If you haven’t read the entry of Heroes of Java in our portfolio here’s the story behind the game.

advergaming post heroes of java gorilla in the park

Damm! How good is the gorilla playing pinball. But he needs to improve his Java skills though…

Advergaming success case study

First things first: let’s introduce our client. Adesso is a german IT recruiting company. In other words, Adesso helps their clients to find the professional programmers they need.

Newcomer players are introduced to a regular pinball table. They play their first shot as they would normally do. And then an overlay new screen appears with a quiz about Java (the script language, not the island!). With every ball they lose in the game, they are asked a new question. If they answer correctly, they’ll be rewarded with an extra ball, and so, savvier players will be able to play more balls in the long run. As players lose their last ball, they are offered to register their details in exchange of participating in the raffle of a 3D printer.

advergaming post heroes of javaAs the programmer starts thinking about code, the whole world fades away. […] He will probably miss his stop.

Our game then sends the player’s info along with his answers, and they are registered in Adesso’s database. Instead of making the job candidates fill and send an old-fashioned CV, Adesso now has access to a qualitative register. They have tools to judge beforehand the knowledge of the candidates, which means having less filters in the candidate interview process. In the end, it’s all about improving efficiency.

We should make clear that it’s not like Adesso is fishing programmers in the open sea by releasing the game in the general market. The game will be distributed in the proper niche environment, but that’s just a complete different story.

An ideal scenario for HTML5 technology

We’ve mentioned about how Adesso improved their efficiency on the overall recruiting process, but there’s another aspect where efficiency shines. Instead of using a native platform to build the project, the choice of HTML5 allows to run the game on mobile devices but also on computer browsers. Although this is not the case, the game could even be wrapped to be uploaded as a native app in the Appstore or Google Play. So all in all, the choice of HTML5 was the perfect option to build the game and get the maximum ubiquity, with no need of external plug-ins. The game is accessible for a really wide audience and it’s been coded just once. No extra ports, no further development costs.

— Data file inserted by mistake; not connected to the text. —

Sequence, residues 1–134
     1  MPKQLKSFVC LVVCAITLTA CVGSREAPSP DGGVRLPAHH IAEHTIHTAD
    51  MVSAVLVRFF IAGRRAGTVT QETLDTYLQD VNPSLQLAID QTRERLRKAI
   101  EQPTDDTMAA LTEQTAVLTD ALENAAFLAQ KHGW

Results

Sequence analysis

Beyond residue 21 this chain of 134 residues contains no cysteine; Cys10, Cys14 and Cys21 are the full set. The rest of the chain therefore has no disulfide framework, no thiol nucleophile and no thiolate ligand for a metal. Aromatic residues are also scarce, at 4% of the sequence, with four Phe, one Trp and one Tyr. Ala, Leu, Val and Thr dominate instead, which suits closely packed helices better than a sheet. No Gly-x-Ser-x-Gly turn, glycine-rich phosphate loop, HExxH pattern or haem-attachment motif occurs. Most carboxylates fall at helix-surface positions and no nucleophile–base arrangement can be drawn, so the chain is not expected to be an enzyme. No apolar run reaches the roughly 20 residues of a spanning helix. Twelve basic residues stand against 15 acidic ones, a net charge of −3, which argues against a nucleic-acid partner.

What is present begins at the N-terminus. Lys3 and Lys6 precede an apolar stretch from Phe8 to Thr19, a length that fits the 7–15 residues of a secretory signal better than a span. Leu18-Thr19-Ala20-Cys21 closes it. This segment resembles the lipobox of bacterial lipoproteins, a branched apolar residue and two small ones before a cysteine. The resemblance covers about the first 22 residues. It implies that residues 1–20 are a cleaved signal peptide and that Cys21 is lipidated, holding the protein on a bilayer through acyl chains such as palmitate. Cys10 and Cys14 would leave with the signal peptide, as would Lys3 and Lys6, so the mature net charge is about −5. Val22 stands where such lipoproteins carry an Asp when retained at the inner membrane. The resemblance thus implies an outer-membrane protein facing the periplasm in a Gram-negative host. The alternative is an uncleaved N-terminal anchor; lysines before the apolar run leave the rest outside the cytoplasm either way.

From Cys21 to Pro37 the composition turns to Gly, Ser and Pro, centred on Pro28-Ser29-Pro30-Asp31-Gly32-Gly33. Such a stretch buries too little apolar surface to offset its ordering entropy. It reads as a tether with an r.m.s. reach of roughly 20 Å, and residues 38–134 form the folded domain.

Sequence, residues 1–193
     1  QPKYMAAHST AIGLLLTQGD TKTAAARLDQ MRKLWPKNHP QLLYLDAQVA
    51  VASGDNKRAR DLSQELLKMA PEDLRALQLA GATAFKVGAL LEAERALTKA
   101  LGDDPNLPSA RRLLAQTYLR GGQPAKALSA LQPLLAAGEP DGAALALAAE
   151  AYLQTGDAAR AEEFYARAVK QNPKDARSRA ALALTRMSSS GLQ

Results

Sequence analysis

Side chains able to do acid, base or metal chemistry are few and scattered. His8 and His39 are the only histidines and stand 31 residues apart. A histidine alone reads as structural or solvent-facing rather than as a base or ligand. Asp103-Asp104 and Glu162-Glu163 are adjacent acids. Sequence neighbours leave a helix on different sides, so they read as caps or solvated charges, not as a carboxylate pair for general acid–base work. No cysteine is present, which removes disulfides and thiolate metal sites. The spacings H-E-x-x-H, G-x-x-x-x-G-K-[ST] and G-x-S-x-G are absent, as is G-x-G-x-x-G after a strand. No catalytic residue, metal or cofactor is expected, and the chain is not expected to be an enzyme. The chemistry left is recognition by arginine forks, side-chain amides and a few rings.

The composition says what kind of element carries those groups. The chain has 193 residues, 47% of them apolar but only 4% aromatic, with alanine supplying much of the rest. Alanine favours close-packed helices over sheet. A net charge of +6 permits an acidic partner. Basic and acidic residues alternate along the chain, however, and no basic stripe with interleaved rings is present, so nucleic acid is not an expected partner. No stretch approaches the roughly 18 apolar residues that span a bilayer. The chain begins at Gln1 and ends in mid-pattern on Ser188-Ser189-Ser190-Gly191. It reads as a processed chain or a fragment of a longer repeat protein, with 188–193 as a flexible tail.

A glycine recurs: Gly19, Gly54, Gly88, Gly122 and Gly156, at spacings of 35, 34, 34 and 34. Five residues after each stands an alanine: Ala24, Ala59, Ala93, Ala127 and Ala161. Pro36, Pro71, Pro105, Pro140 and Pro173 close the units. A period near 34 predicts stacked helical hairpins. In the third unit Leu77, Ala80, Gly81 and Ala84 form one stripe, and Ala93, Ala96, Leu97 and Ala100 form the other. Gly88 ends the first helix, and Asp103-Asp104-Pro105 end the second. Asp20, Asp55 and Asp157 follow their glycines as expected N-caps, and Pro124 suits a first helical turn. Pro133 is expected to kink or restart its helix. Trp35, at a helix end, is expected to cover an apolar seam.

I hope you found interesting this post. Take care!

Guess which is our favourite Git client

We’ve been implementing Git for quite a while on our HTML5 games projects and we love its code management possibilities and its collaborative features.

Using Git with the command line is too hard for us, that’s why we need a client. Until recently we were using SourceTree. SourceTree is a great product and it’s free, however there were 2 things we don’t like. First, the theme is white as siberian snow, and our tired programmer eyes really favour a dark theme. Second, SourceTree seems to work better on Mac than Windows. That’s why we’ve decided to test the free version of GitKraken.

git clients compared

The team of programmers developing each of our game projects usually consists just on 1 or 2 guys, so  the free version is enough for our current needs.

GitKraken is based in Electron. It’s coded in javascript and uses html and css, which means it’s cross platform. Its GUI besides being nifty, is dark. Fonts are nice and the icons and its diagrams makes it easy and intuitive to use. Branching, stashing or checking out a branch just requires one click.

Do you already have your own favourite Git client? Have you also suffered from white backgrounds and bleeding eyes?

Jscrambler helps to protect our HTML5 games

jscrambler_protection

We love to code HTML5 games and JavaScript is a nice programing language but unfortunately everyone can access to the source code of our games. And that includes those cheeky guys who doesn’t want to respect existing license agreements or those just looking for “inspiration” for their next cloned game.